In It Together {HIKES}

Fueled by positive thinking, community, and nature, Hikes smiles through meticulous composition and embraces process, as they buckle down for their fifth release.

Words By Aisha Burns  Photos By Eric Morales

Sitting down with Hikes is to meet an unbelievable wave of positivity in its most genuine form.  It’s evident in the ease with which they burst into laughter, and through the melody-driven, energized melding of technical chops with pop-sensibility that forms a rock sound that’s uniquely theirs.  On top of it all is an optimistic drive, unphased by change, that just won’t quit.

“Our band is that very classic story of a bunch of punk and hardcore kids who got older, didn’t want to play [that] anymore, and started listening to jazz and world music,” says bassist, Colin Jenkins.  “Hikes is what that sounds like.”

Reminiscent of early 2000’s bands like Owls and Do Make Say Think, Hikes fuses an affinity for heavy music and indie rock with jazz, bossa nova and classical guitar into songs that traverse the space between explosive anthems and rolling, delicate grooves.

Guitarist William Kauber and guitarist-vocalist Nathan Wilkins formed Hikes in 2011, and later expanded to a four-piece, adding Jenkins on bass and drummer Chris Long. With four releases under their belt via Raw Paw Records, the band is writing more collaboratively than ever while preparing for an upcoming vinyl split, a full-length record, and a run of shows in Alaska this spring.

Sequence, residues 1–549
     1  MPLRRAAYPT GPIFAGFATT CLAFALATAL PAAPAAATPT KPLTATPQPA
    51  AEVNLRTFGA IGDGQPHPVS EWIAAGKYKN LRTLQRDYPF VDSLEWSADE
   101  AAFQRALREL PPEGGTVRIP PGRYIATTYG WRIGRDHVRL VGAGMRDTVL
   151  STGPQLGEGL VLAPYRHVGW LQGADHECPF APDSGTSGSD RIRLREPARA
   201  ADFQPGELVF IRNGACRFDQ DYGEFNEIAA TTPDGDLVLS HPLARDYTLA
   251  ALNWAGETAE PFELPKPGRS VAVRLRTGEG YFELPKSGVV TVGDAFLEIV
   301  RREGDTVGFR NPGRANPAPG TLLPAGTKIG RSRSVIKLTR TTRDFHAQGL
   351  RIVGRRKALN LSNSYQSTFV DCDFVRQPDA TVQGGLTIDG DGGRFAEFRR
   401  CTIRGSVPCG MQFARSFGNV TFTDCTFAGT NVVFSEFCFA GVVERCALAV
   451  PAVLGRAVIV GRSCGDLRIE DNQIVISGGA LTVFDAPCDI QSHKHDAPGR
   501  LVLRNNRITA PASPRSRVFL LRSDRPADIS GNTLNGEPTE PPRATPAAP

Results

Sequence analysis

Hikes rehearses in east Austin, where most of the group has recorded, worked and resided for years.  Although Long’s seen businesses demolished near his Ceasar Chavez pottery workspace, and Jenkins’ east side home was leveled for condo construction, the group’s unshaken in the face of east Austin’s changing creative landscape.

“I think everything getting pushed around is just pushing people into venues, and the quality of venues is increasing,” says Wilkins. “I think the scene is stronger than ever.” They dote on Austin’s vibrant network of eager artists and encouraging environment.

“It just puts the fire under your ass in a different way, because you can’t stop this kind of change from happening,” adds Long. “This is organic growth that a city does. There’s a lot of good and uncomfortable things that come with it, but you just have to work harder and understand it better and push yourself more.” This kind of drive is Hikes in a nutshell.

They revel in working hard, working together, and fostering community at their shows.

“It’s a really important part of being on tour, those connections with people.” Long says. “You can
meet really cool people and have a beautiful, heart-opening time.”



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